Affairs can be painful and shocking and can cause betrayal and hurt. Yet some couples do recover. Mattie and Jim had been dating for several years before they got married. They swore in front of their friends and family that they wouldn't cheat on each other. Yet, seven years later, they sat in front of me in my office, broken and ashamed.
"I'm not sure what happened," Mattie said. "First we drifted apart. It sounds so cliché. But I let other things take priority. My job, the house, and then we had a baby. I put everything in front of our marriage. I felt Jim slipping away. I knew that our sex life was off. We never slept together or even went to bed together at the same time anymore. There was damage. But I swear I never dreamt it would get this far."
Jim sat forlorn on the couch in my therapy office, trying to put the pieces back together. "I went online; I was trying to figure out how to find some attention, some thrills I guess. Mattie was totally taken up with the baby. At first it was only flirting with some friends on Facebook. Then I found I was asking girls to meet me for coffee. I don't know how it happened, but eventually I was having drinks with an ex-girlfriend from high school and then we slept together. I know Mattie's crushed, and I regret it. I hope she can forgive me. I know I don't deserve it."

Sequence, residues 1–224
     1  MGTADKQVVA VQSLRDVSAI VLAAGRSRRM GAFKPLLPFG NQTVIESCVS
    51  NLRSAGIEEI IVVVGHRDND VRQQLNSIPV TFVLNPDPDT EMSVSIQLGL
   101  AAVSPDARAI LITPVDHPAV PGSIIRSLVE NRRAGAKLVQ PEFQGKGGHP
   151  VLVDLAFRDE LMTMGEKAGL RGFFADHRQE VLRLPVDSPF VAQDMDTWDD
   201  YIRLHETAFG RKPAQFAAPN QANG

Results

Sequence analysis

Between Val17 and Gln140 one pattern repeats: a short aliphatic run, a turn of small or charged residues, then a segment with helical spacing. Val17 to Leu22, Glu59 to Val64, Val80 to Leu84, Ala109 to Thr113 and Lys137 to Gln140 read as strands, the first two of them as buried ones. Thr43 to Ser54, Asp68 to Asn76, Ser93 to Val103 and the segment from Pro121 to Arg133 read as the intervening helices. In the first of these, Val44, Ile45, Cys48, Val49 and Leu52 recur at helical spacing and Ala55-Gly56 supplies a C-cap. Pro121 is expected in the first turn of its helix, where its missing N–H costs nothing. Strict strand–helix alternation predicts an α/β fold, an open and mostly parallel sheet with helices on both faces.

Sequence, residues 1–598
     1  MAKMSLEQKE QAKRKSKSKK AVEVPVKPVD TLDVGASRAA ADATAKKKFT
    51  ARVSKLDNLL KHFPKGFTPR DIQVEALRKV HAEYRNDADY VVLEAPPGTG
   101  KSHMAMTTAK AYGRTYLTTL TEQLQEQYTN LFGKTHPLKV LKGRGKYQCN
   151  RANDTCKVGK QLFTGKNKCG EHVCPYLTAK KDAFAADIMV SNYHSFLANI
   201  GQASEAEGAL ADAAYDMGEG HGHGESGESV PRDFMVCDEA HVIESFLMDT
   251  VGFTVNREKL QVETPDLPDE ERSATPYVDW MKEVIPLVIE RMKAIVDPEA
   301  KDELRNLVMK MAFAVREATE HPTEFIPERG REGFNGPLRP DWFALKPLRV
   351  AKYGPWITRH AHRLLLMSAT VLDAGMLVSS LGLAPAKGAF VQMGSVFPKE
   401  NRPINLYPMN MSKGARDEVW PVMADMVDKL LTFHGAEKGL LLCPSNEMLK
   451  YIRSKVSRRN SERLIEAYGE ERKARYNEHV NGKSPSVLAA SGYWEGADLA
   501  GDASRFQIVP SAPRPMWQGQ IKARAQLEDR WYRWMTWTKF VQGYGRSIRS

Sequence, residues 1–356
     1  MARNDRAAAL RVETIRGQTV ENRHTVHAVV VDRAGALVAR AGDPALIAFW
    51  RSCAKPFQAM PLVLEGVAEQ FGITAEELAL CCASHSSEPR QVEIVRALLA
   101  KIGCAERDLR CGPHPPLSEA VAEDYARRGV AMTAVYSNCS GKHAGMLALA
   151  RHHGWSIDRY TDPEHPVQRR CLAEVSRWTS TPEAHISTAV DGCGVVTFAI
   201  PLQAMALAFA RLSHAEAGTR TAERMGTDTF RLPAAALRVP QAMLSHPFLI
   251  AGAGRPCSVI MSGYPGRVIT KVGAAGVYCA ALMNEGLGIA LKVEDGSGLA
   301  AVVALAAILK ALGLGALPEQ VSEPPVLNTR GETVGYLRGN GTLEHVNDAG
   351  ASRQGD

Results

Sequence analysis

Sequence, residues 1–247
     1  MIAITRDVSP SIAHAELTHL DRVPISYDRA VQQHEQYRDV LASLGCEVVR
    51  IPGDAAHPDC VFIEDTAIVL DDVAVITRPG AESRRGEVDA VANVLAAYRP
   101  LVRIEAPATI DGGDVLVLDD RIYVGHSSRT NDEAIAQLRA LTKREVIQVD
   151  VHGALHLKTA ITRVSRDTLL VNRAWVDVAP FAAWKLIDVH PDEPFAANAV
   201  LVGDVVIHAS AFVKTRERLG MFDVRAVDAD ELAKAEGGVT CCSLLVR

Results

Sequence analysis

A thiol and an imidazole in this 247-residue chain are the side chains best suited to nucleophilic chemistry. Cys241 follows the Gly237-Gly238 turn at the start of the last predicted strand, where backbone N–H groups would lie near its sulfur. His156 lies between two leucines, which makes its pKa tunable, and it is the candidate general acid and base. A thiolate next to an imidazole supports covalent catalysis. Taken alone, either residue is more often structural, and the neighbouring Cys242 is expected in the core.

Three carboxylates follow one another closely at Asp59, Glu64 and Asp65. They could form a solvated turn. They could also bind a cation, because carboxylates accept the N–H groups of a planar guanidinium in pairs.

For some couples like Mattie and Jim, divorce after an affair may not be the answer. A strong foundation of love and a desire to make it work may mean that an affair can be a path to a renewed, and even stronger, relationship.
If an affair has affected your marriage or partnership, ask yourself the following questions:
- If you had the affair, are you remorseful, and do you regret the infidelity?
- Do you truly love your partner and want to stay with him or her and work things out?
- Are you ready to work on your relationship and to approach healing and reconciliation with deep honesty, even in the face of some serious pain?
If you answered yes to all three of these questions, you may be able to have a new relationship with your partner going forward.
If you are the person who was cheated on, ask yourself the following three questions:
- When you found out your partner cheated, were you frightened that this would mean your marriage was over?
- When you think about ending your relationship, does it feel wrong and are you willing to try to make things work?
- Are you able to honestly take some responsibility for your own part in why the relationship wasn't working prior to the affair?
If you answered yes to all three of these questions then you may be ready to move to a new monogamy as well. Notice that none of these questions asked you whether or not you can forgive or forget the affair. You may still be on the fence about that. And you may even be on the fence about whether or not to stay together. Creating a new relationship or a new monogamy together means simply exploring the option of giving your relationship another chance.